"The woman interrogating me called me a terrorist in the main waiting area ... where there were plenty of people around, accusing me of coming to do bombings and threatening to tell the U.S. government this," said Ramah Kudaimi, Director of Grassroots Organizing, US Campaign to End the Israeli Occupation. 

 

Ahmed describes a harrowing experience when she landed Tel Aviv. 

 

After being interrogated and jailed in a ‘filthy deportation center cell without water’,  she was deported back to the United States along with 4 other activists. Some were barred from entering Israel or the occupied Palestinian territories for the next 10 years.

 

Deplaned in Ethiopia, without a boarding pass or her passport, Ahmed was terrified. “Ethiopian Airlines and the Israeli government pulled my ticket. My family and friends were frantically calling the U.S. embassy!” she says. In the end she was charged $2200 for a one way ticket to - stiffed by the Israeli government.

 

The United states and Israel have a visa waiver. “You get the visa at the border, this was a violation of the visa waiver program,” says the public defender.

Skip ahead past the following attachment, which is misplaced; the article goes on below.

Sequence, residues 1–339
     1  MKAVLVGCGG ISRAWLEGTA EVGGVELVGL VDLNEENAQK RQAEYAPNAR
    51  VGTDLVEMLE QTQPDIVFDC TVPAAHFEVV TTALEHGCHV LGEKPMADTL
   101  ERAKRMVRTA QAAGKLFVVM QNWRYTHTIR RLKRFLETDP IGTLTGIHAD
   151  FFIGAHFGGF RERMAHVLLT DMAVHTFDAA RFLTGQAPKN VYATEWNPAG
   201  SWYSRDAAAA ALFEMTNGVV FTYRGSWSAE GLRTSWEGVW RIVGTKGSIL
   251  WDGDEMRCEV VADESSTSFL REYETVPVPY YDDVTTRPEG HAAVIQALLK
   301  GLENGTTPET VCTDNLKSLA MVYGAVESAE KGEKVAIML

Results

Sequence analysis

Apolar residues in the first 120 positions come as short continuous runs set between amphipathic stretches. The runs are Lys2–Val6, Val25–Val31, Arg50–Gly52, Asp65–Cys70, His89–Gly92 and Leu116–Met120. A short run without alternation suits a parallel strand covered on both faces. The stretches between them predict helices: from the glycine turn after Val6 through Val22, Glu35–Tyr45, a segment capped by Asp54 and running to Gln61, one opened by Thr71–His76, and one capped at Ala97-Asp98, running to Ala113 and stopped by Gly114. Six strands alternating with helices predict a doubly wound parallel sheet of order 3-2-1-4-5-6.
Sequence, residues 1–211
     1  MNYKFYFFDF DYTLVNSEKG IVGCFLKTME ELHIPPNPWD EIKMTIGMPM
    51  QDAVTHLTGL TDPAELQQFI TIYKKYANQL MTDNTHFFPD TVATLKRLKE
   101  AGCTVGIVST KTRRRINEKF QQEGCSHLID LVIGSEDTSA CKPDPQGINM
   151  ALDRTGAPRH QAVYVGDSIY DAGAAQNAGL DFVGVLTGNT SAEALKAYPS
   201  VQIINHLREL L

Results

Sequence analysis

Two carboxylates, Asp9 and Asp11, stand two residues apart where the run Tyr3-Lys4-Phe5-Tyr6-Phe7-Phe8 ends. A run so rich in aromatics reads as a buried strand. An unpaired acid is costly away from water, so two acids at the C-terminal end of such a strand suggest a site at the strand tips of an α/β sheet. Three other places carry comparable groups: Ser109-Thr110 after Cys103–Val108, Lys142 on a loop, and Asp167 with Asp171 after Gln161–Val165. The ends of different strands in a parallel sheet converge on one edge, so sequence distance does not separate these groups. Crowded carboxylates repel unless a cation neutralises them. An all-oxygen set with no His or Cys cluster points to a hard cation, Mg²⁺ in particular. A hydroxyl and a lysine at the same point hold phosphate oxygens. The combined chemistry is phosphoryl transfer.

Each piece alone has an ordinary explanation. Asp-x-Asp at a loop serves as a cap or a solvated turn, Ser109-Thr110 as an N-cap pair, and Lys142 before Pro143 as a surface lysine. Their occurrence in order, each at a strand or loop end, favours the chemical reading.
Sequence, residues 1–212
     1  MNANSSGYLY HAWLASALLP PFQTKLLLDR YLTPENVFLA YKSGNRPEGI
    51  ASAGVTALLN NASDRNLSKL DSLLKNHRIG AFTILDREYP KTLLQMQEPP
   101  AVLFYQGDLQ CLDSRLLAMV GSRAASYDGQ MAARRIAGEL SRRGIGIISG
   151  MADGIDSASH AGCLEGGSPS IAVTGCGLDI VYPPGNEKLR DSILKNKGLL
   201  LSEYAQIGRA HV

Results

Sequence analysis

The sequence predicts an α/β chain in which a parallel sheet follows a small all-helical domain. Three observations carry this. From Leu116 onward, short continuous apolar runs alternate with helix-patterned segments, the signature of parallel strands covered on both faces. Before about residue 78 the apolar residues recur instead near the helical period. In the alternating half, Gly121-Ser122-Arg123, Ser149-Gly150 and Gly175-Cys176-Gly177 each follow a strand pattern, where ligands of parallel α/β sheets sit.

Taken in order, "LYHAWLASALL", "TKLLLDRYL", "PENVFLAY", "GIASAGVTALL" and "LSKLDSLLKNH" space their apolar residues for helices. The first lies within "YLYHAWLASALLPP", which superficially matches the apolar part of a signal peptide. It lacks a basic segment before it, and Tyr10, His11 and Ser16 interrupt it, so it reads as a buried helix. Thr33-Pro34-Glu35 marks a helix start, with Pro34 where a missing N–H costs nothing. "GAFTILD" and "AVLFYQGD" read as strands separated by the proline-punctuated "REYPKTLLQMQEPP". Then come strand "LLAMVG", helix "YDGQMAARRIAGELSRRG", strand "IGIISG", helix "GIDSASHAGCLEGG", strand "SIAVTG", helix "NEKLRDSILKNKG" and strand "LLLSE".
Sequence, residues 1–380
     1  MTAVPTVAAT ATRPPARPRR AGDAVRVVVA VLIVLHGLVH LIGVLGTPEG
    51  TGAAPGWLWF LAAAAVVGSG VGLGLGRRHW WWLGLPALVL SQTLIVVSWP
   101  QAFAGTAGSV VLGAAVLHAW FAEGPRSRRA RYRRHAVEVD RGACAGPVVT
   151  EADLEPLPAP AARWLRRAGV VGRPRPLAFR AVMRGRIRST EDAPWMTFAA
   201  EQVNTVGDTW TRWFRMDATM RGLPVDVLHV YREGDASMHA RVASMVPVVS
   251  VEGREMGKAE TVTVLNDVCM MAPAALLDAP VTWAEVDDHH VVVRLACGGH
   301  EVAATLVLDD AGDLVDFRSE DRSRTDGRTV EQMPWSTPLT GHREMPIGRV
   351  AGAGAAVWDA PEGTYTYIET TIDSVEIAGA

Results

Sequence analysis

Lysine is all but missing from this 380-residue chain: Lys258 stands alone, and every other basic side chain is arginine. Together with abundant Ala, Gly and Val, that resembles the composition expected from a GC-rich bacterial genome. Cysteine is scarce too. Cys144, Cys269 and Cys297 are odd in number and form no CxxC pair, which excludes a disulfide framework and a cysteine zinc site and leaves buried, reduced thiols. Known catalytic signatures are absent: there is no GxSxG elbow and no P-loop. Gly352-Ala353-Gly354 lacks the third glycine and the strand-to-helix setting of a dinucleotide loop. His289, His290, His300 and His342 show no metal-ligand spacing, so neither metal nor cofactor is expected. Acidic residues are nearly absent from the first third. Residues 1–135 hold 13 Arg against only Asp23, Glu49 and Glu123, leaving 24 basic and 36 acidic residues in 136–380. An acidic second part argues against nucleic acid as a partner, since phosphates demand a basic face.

As activists reached out the the United States Consulate, “some officials made comments indicating they had no power over the treatment of U.S. citizens held at the airport despite visa agreements between Israel and the United States,” reads a statement. 

 

Kudaimi has been banned for five years. “The US government is an active partner in Israel's war crimes against Palestinians, providing billions in military aid every year,”she says. “Our experience traveling to witness the reality of life for Palestinians is proof once again that both countries are plagued with institutionalized racism, Islamophobia, and militarism."

 

“My tax dollars are used in Israel and my government can’t do anything about it,” says Kudaimi. 

 

“Any person giving taxes – you are complicit in the occupation of the Palestinian people. It is essential that Americans take action locally and be in the struggle of the Palestinians. You are complicit in the oppression. You have a more direct role than other people aboard,” she emphasized.